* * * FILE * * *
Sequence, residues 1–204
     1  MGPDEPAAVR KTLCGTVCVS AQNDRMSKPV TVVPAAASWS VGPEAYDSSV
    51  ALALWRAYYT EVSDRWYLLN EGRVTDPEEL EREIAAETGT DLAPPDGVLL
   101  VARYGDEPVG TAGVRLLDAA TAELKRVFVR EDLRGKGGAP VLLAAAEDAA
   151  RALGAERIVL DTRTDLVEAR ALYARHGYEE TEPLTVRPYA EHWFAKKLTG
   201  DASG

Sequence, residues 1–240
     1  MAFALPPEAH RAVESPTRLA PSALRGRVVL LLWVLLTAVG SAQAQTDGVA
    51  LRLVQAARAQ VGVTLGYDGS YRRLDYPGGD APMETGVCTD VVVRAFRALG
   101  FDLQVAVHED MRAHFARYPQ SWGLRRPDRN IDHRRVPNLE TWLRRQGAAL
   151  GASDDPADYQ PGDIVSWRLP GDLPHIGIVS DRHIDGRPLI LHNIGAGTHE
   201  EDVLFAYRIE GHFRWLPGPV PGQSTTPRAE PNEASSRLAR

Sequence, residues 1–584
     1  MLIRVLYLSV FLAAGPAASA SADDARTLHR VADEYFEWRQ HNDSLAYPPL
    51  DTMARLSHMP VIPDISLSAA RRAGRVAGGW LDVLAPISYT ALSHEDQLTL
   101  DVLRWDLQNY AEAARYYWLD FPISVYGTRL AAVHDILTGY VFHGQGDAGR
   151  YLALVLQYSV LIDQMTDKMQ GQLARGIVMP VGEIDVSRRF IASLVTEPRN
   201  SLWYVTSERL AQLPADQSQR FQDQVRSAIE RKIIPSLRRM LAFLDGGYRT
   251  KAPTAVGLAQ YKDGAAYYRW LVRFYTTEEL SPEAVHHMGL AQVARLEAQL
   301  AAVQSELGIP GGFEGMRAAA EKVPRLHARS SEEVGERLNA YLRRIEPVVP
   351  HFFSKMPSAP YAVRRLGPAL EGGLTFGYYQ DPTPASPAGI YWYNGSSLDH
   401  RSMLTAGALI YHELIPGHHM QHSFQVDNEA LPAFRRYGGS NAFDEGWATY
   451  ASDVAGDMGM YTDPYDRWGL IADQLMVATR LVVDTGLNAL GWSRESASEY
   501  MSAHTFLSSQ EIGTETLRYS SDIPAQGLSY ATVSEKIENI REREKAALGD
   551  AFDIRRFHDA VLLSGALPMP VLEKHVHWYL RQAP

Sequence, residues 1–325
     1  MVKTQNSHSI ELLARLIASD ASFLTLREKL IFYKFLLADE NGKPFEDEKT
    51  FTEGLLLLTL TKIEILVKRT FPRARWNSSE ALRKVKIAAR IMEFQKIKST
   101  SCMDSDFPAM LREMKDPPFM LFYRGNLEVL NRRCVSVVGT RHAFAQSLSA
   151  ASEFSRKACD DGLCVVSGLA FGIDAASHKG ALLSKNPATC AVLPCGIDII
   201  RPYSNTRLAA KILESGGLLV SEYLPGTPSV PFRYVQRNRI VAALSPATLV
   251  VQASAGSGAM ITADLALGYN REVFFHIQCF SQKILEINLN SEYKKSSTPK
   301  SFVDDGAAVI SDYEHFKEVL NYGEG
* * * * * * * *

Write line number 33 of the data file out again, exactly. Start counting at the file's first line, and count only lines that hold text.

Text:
   301  SFVDDGAAVI SDYEHFKEVL NYGEG